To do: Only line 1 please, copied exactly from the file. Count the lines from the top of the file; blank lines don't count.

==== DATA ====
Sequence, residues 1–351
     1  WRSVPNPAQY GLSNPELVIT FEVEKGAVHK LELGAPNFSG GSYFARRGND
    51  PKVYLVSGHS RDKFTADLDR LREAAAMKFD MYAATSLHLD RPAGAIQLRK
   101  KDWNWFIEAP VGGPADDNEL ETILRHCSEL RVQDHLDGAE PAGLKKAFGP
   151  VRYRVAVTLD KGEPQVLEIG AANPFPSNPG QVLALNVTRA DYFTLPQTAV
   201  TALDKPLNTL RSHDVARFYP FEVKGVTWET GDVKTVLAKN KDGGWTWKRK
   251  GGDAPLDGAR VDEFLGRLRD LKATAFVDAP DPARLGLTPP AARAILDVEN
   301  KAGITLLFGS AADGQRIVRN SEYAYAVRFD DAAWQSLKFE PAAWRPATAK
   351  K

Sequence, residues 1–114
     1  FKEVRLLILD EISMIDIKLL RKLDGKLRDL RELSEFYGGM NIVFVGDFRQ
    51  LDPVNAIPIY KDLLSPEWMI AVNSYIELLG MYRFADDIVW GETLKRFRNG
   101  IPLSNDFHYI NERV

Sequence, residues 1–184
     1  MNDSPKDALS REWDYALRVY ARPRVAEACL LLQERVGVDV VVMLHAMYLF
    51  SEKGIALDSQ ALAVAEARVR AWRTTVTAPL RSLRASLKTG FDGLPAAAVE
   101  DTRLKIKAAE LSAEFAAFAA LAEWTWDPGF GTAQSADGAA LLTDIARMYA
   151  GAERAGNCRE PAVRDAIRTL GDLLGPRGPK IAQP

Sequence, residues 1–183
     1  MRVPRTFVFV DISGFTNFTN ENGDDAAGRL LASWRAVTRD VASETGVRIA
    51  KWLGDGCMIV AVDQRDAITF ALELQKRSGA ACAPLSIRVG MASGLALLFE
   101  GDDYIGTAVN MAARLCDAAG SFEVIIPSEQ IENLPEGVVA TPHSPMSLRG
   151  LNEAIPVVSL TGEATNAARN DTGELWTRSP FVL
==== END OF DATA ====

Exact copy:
Sequence, residues 1–351